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Ray Brown scripsit:

> If, as you say, you cannot talk without cases, and case is a property of
> noun phrases, then, surely, it must mean that you cannot talk without
> nouns. Therefore, if it is agreed that a language has only one class of
> things, that class must be 'noun' as you cannot talk without nouns.

Non sequitur.  Lojban has noun phrases (sumti), but no nouns; that is, the
head of a noun phrase is always a verb (selbri), with a determiner that
means "that which is the (first, second, third ...) argument of this verb".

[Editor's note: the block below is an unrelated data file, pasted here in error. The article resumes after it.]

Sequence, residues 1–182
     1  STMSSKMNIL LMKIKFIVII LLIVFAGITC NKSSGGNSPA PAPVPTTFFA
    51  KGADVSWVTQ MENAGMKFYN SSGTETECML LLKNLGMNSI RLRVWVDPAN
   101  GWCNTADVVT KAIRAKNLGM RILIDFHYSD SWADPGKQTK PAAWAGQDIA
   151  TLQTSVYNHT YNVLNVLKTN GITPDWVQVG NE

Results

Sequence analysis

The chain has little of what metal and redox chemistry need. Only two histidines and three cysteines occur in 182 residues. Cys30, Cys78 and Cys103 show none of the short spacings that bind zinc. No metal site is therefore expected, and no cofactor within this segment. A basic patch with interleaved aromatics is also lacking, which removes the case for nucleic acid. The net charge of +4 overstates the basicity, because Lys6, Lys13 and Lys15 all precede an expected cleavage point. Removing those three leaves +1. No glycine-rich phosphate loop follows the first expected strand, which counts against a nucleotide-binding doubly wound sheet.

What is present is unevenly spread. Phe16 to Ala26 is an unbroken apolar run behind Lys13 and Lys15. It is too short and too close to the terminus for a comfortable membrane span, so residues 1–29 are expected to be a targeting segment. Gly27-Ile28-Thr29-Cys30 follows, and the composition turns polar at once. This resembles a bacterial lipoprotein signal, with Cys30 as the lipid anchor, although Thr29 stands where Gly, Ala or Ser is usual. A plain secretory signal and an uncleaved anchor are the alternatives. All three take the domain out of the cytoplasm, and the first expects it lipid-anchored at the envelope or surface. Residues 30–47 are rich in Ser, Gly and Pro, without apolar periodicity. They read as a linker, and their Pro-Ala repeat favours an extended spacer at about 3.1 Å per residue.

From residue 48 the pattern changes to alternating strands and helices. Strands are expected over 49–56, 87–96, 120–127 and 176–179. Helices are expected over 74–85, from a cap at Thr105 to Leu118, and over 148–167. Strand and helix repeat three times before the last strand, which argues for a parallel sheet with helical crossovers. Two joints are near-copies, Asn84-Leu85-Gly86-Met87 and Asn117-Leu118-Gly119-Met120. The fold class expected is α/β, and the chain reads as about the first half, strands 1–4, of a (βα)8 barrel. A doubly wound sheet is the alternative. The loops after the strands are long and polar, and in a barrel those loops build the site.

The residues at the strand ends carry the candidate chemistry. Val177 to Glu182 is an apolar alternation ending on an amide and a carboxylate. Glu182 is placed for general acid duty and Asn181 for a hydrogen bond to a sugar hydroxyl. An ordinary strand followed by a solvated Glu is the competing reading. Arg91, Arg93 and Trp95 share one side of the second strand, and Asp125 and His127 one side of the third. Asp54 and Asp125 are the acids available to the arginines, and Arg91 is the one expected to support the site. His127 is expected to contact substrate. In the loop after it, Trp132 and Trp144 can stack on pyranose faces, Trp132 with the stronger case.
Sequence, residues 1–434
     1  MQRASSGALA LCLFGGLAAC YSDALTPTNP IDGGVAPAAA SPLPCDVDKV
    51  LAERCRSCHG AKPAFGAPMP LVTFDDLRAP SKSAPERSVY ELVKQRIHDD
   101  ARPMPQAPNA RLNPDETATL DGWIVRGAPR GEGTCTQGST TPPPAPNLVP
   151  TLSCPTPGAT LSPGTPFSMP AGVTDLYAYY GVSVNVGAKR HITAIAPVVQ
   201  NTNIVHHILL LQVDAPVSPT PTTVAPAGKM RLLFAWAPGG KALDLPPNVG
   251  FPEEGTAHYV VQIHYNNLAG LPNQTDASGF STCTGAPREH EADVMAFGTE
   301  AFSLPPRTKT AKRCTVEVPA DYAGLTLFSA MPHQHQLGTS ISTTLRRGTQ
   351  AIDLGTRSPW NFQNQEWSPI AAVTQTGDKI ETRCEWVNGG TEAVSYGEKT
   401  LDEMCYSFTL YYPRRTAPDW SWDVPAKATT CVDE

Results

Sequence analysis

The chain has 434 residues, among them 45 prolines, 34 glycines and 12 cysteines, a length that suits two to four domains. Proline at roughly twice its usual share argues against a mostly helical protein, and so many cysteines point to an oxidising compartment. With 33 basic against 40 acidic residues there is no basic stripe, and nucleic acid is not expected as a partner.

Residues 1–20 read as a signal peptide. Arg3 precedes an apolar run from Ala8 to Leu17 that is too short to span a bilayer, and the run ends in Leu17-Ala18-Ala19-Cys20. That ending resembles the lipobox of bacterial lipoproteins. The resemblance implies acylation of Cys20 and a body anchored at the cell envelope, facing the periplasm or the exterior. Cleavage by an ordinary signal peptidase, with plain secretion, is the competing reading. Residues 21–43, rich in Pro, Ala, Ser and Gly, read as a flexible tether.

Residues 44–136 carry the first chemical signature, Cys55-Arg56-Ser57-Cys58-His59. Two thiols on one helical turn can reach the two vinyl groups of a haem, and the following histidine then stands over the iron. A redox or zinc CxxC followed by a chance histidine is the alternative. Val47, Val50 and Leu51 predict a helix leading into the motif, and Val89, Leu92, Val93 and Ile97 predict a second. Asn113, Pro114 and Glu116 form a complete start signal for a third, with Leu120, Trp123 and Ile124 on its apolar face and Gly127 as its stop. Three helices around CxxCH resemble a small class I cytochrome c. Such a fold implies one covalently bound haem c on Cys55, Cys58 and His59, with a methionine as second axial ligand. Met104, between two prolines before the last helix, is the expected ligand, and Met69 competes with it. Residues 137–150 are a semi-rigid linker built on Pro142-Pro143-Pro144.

Thus the verb "cribe" means "be a bear", and "lo cribe" is "that which
is a bear".  Lojban does of course have Case, although it has a more
flexible notion of it than linguists who make use of Case generally intend.

This is probably a non-naturalistic feature of Lojban, but it may be an
anadewism after all.

--
John Cowan  [log in to unmask]  www.reutershealth.com  www.ccil.org/~cowan
"You cannot enter here.  Go back to the abyss prepared for you!  Go back!
Fall into the nothingness that awaits you and your Master.  Go!" --Gandalf